Shakespeare’s Othello follows a Moorish general through the viciously fatal playing of his mind and emotions carried out by one who is determined to hate him with, it seems, flimsy cause. This enemy is Iago, a character famous for his addresses to the audience in which he explains the lies that create rabid jealousy within the Moor, all the while being hailed by everyone as ‘honest Iago’. This role needs to be very well performed for a production to work and is here played by an actor capable of delivering clarity, cunning and credibility.
DugOut Theatre’s Othello is very clear in general, with little set – a crate or box here, bed, table and chair there – effective lighting that includes spotlights which highlight and condense scenes well, and background sounds that set climate. Some early scenes wait to be set before starting, harming the flow of the piece, and unfortunately the pace of the final scene is damaged by too much time being taken in revealing Iago’s malice.
Othello himself would benefit from having a military bearing to start, which others manage, and by refraining from pecking, poking, pointing and pushing his face into others’ throughout. The actor does come into his own once he is being tormented by jealous fears, with the scenes where Iago works on him being particularly strong, but more muscular articulation would help to stop passion obscuring words. Othello’s wife, Desdemona, is played with an appealing youthfulness and has real feeling when in pain, though her voice needs greater support. Cassio, one badly used by Iago for being a rival in military matters, could perhaps be played stronger in personality, but his scenes work well and include fine fight moments, well choreographed.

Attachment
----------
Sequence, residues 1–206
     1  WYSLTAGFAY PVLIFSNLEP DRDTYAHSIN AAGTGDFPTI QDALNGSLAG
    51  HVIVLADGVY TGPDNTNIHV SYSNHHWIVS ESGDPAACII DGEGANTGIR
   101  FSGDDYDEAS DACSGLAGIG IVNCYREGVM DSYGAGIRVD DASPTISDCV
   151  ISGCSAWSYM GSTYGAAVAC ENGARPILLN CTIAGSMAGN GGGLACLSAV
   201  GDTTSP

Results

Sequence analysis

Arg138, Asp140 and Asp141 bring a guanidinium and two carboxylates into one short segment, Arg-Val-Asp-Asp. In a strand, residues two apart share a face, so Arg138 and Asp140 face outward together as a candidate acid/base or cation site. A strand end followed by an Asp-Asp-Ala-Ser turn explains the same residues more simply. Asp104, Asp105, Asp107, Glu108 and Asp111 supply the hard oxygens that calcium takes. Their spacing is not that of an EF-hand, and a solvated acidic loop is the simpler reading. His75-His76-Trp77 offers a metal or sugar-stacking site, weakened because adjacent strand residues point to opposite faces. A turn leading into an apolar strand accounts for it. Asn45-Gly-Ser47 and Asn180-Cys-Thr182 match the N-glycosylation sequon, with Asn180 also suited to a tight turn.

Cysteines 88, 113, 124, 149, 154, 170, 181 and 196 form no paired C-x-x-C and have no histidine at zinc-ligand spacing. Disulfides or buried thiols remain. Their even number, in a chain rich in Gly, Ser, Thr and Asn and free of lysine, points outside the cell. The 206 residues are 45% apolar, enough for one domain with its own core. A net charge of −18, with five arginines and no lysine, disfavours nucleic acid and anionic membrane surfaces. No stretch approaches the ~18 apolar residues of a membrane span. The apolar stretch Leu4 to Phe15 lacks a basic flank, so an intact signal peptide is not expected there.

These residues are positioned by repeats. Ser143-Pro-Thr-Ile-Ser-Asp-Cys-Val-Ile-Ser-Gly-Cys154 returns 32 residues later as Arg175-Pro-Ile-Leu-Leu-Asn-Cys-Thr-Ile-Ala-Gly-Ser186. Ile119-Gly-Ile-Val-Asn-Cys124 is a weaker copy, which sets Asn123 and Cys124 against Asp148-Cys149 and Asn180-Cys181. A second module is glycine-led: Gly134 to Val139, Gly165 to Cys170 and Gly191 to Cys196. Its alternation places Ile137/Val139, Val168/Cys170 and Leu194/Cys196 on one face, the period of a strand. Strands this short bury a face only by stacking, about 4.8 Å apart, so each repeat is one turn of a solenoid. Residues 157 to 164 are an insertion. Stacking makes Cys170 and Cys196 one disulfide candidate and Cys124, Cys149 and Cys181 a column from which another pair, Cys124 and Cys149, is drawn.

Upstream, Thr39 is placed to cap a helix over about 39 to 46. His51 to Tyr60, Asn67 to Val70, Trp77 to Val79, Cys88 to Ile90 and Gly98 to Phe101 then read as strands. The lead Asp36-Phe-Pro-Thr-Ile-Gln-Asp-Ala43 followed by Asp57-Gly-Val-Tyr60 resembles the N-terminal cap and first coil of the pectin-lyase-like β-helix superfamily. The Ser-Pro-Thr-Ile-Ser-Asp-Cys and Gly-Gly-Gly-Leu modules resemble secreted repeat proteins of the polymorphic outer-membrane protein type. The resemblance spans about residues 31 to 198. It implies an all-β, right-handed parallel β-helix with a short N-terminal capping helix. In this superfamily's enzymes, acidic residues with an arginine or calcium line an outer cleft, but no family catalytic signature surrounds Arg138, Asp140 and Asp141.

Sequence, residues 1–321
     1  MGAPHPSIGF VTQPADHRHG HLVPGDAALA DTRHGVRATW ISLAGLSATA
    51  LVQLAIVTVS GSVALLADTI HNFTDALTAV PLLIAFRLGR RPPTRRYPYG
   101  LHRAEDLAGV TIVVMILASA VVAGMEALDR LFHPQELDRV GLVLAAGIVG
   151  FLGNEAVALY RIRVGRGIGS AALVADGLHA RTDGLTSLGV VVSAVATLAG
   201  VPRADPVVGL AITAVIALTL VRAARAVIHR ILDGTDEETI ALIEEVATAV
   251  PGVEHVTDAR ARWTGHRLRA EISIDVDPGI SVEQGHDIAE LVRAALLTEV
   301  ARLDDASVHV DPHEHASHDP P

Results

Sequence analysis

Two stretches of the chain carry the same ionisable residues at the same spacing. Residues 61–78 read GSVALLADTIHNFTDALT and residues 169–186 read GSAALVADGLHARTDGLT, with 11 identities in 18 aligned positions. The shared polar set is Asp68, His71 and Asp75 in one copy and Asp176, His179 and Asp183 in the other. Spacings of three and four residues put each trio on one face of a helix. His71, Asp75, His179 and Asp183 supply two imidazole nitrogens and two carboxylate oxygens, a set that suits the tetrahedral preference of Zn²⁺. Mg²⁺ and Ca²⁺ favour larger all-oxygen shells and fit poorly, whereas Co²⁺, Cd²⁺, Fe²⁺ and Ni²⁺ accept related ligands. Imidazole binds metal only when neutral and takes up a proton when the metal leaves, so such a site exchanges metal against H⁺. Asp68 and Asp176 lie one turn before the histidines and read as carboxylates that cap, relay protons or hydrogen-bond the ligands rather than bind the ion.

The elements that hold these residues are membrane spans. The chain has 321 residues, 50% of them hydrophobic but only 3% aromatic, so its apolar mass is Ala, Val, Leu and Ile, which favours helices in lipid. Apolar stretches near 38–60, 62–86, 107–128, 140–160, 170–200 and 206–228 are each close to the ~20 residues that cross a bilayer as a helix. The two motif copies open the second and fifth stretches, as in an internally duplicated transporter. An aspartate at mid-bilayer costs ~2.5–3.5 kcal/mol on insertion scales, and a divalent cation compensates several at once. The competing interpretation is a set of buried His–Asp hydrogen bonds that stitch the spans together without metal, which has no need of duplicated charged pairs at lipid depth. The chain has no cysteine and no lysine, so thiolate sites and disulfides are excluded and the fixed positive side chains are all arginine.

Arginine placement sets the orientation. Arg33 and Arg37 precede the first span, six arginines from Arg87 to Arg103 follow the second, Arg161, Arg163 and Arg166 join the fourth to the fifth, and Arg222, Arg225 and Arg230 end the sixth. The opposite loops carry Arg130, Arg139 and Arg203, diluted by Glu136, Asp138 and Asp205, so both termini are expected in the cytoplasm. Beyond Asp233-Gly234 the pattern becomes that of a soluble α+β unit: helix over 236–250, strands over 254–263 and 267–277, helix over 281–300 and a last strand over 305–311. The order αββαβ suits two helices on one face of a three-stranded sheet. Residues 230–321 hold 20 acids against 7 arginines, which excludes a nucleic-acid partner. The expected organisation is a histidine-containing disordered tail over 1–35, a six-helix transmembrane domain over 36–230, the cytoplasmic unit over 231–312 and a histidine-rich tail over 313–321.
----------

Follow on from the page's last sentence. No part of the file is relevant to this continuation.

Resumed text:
Emilia has a certain presence and shows understanding of her role, but thinks rather slowly and allows too many pauses and stagey movements, connected to direction as much as acting, to rob a climactic scene of its dynamic energy and emotional impact. This inclination in the direction is also seen in minor characters who, despite being able to speak their lines well and provide light relief at times, are held stationary and unresponsive in situations where they would be bound to react to physical threats.
Overall, though, the direction is strong in telling the story clearly, with points of physical and visual interest, and in making a 70s setting, with its music and technology, support the action. In the end, it is Iago who shines most brightly, his plans well expressed, his machinations believable in their success and his manner slyly engaging. A little more vocal variation, possibly with a touch of warmth, could enhance the performance further, but this is an accomplished young actor, very much part of what makes the show worth seeing.
This Othello is a solid production, well thought out, with a strong Iago leading it and actors who, overall, handle the language clearly and with understanding.
By Danielle Farrow
5 – 20 August, 18:45 (20:45) @ Zoo Roxy